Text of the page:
At 10:05 a.m. this morning, at least 120 people had lined up down Hester Street in the powerless Lower East Side to wait to plug their phones into a generator provided by CAAAV. By 10:30, roughly 10 of them had been served. Volunteers distributing non-perishable food and flashlights on the sidewalk ran out in 10 minutes. One woman shouted that she had been "shoved down" by the crowd as she tried to get a flashlight that was promised to her yesterday, while another man yelled at a volunteer in Mandarin, his hand holding a cellphone charger as it jabbed the air in front of him. "We understand that many parts of New York and the whole Northeast are suffering right now," volunteer Esther Wang said. "But people on the Lower East Side don't have water, electricity, or food. They're frustrated."
Wang said that the crowd in front of the community organization was so great yesterday that at least 10 police officers showed up. "They told us we had to shut down because it was a public safety hazard, and that a riot was going to start, and they were worried that people were going to have their iPhones stolen," Wang said incredulously. "We were able to negotiate with them, but we found out that there's a sign outside their precinct that directs people here for help."
Catherine Perry, who was at the line's midway point at around 9:40 a.m., lives on South Street and said she had enough provisions to last her until Saturday. "But our building reeks of garbage. The compactors don't work. The maintenance man told me that the garbage in the compactor is piled up to the 18th floor." Perry also described what using the toilet was like without running water: "You gotta put the bag under the toilet, do your business, then throw it in the incinerator."
Though her apartment is dark, Perry says some of the hallways are lit with generator power, and residents had attempted to rig TVs and radios up to the source. "My father's 74, and he was at Beekman [Hospital] before they evacuated him up to Lenox Hill. He wants to come home but I tell him, 'Dad, we don't have power.' "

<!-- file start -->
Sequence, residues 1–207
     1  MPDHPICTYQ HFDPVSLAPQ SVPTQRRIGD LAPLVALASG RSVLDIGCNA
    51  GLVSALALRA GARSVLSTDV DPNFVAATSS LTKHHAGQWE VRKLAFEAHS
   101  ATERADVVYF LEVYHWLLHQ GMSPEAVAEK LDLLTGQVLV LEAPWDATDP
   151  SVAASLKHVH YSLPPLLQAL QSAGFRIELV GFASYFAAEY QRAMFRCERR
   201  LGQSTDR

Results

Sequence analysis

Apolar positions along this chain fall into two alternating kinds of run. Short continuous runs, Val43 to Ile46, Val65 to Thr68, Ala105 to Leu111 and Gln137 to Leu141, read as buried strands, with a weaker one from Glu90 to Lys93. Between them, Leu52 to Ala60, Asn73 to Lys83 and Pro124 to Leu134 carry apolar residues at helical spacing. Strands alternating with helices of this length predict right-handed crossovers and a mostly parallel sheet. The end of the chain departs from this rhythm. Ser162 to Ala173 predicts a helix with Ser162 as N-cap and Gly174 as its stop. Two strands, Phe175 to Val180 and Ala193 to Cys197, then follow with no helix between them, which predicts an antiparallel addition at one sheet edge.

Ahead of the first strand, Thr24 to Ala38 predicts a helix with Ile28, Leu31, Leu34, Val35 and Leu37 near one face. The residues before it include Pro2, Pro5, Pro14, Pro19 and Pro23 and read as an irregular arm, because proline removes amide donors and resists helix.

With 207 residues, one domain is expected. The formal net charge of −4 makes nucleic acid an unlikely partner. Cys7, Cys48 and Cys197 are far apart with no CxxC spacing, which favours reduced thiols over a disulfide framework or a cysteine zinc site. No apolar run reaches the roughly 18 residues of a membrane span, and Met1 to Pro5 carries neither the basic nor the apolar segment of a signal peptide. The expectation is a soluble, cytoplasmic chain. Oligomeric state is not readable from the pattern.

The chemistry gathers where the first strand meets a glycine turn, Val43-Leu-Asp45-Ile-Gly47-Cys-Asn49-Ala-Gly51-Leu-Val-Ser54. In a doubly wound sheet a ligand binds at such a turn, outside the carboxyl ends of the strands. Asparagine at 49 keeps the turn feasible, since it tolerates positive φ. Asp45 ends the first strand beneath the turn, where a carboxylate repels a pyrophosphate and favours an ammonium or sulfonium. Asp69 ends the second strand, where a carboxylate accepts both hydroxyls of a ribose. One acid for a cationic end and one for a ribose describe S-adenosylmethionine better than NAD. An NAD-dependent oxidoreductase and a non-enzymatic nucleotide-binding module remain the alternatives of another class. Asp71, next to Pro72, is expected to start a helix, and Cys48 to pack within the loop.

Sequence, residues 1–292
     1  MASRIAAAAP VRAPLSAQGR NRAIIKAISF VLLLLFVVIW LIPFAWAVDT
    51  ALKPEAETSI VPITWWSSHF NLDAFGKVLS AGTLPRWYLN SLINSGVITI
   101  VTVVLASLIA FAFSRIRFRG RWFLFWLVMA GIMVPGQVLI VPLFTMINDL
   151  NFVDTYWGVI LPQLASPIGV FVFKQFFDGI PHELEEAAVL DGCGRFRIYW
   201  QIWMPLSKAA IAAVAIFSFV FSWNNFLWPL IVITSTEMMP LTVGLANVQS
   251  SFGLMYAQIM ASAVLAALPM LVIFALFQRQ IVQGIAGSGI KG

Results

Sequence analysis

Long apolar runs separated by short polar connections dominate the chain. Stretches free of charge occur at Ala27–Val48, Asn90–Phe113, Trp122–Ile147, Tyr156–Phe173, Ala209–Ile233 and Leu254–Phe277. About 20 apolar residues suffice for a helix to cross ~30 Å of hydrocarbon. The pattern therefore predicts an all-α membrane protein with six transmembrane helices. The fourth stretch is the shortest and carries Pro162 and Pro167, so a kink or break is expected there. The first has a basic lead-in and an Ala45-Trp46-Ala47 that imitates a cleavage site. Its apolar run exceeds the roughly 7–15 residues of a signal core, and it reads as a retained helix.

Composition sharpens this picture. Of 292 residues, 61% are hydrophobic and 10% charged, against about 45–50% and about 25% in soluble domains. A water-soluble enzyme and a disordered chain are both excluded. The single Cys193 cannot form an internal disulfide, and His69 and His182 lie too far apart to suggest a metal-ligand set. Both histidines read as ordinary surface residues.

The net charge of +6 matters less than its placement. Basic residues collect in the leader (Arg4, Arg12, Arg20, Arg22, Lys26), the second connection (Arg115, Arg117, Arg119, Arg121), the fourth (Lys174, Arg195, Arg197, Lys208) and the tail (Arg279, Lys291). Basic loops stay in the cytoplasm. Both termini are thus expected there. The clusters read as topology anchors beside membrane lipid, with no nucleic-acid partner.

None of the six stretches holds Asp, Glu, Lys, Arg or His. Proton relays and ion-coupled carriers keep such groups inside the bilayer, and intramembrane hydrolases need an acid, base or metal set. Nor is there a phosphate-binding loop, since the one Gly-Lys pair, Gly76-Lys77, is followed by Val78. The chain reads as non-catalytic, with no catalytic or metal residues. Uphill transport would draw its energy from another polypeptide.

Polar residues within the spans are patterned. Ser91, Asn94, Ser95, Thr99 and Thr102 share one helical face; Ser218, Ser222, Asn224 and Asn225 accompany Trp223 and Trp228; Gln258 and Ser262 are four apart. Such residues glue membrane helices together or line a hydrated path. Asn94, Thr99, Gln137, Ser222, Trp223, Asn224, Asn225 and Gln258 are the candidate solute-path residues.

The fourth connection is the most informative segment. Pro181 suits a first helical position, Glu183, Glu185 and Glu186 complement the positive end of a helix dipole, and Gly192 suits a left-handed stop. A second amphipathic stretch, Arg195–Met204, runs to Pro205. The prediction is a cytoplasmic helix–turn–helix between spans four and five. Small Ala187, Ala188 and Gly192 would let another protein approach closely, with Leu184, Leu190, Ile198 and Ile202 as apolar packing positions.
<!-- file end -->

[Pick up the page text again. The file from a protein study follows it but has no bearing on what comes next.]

CAAAV can charge 30 phones at a time. Volunteers affix a number to a phone with masking tape that corresponds with the owner's position in line (Gothamist)
Before CAAAV opened its doors, Wang paced the line, answering questions. When was the subway going to work? How long would power really be out? Were the buses actually running into Brooklyn? "A lot of people are getting no information unless they're able to get out of the neighborhood," Wang explained. "And many of them aren't."
Christopher Castro, who lives with his girlfriend and her sister on Cherry Street, said he hadn't seen any police or public officials around his building. "Nobody really knows anything," he said. "I've been calling people to see what's going on, but no one knows anything for sure. And now our phones are pretty much dead."
A worker from Two Bridges Neighborhood Council approached Wang and confirmed that she'd send volunteers to their headquarters at 80 Rutgers Street. "We have about 70 seniors who did not evacuate, who have no place to go, who are now homebound," Wilson Soo said. "We have volunteers walk them up hot meals 10 flights."
Wang says that none of CAAAV's supplies have come from the city, though she has emailed state and local representatives for help. "I know all the public officials are very busy right now, and I'm sure they can marshal the resources, I'm just not sure the resources are there." She adds, "It just doesn't seem like there's a coordinated response to help everybody."
If you'd like to help CAAAV or Two Bridges, they are accepting monetary donations at their respective locations at 46 Hester Street and 80 Rutgers Slip, and CAAAV is also accepting donations of flashlights, batteries, nonperishable food items, and water.